When the patient advocate arrives and my husband and I explain what has been happening he helps us lodge a complaint against the ER doctor and we never saw that doctor again while waiting to be discharged. The few nurses who gave me grief also seem to avoid our room which is fine with us. The patient advocate did say the doctor in question has been updated to the fact my bipolarism really was a misdiagnosis and that we made a formal complaint about his behavior. The advocate ended up apologising on the doctor’s behalf which we both thought was unfair since it should be the doctor doing it.

On leaving the ER with my arm in a cast and feeling good from the painkillers, we pass the nurses’ station. Only the nurses and staff who did NOT judge me smile and say their goodbyes and get wells. The few who treated me like I was less than human have their heads down, apparently doing “paper work.”

I don’t blame the hospital for the way I was treated. I blame that doctor and the few nurses for assuming things without either knowing the whole story or refusing to listen, and thinking anyone with a mental disorder are liars or not to be taken seriously.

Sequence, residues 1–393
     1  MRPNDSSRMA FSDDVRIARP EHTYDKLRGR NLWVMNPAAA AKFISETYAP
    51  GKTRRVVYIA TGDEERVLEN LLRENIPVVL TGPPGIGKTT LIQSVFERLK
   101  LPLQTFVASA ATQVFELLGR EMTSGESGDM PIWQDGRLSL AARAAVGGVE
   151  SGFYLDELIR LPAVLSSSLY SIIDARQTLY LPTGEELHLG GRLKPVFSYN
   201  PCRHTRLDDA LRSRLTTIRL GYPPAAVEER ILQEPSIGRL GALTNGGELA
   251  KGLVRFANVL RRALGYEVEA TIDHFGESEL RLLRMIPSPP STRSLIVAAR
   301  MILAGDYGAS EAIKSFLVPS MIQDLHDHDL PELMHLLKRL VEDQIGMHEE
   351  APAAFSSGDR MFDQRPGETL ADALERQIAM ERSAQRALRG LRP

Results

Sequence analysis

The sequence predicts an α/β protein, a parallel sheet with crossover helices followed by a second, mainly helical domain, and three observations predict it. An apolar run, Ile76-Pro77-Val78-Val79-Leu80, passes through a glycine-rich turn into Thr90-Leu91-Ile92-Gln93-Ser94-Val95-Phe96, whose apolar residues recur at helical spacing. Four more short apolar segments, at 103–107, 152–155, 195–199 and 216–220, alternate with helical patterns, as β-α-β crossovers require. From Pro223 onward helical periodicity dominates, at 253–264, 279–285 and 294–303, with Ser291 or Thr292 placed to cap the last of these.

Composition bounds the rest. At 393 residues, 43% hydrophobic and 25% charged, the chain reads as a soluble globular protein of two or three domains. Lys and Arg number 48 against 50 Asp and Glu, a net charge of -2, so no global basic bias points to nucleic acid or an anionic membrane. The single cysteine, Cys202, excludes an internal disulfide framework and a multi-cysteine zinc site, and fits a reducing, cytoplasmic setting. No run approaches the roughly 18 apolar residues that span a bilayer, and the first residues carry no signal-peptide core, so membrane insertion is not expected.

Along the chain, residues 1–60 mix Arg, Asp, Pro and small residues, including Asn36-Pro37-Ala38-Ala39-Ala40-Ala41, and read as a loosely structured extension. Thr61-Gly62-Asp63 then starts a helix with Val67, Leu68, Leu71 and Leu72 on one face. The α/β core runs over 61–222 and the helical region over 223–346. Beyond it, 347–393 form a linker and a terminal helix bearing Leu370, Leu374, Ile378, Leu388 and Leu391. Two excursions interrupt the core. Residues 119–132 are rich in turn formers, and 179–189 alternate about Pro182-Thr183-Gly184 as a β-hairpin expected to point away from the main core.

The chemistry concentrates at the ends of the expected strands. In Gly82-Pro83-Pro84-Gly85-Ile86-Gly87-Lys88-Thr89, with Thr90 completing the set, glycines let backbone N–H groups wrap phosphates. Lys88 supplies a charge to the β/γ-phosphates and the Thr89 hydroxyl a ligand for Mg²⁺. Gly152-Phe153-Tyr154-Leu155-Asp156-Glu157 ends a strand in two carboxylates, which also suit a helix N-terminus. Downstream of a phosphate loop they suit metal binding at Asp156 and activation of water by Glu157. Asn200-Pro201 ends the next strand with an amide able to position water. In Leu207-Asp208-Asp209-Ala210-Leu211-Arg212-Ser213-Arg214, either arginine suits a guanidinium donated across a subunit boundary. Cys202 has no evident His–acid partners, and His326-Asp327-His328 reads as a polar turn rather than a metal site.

It scares me that there could be people with mental disorders being treated the way I was treated.


Looks Like This Is Your Cat Calling

| TX, USA | Employees, Health & Body, Pets & Animals

(We’d just adopted two adult cats from our local shelter and took them into the closest vet’s office for a general checkup. The vet first looked at our quiet, black cat and quickly announced she was extremely sick. What we’d taken as quietness was actually her masking her illness. Ten minutes later he’s run a bunch of tests and determined that, with a course of strong antibiotics and rest and food, she’ll be fine (and she is!) but had she been in the shelter even a day longer, she probably would have died. After that panic he turned to our other cat, a huge 18lb sweetheart. He poked around for a while and then pressed and held his finger right at the cat’s stomach.)

Vet: “That’s weird.”

Me: *every worried thought running through my head*

Vet: “No, that’s really odd. I don’t know…”

Me: “He’s sick, too, isn’t he?”

Vet: “Sick? Oh, no, not at all. It’s just that most cats won’t let you prod them like that.”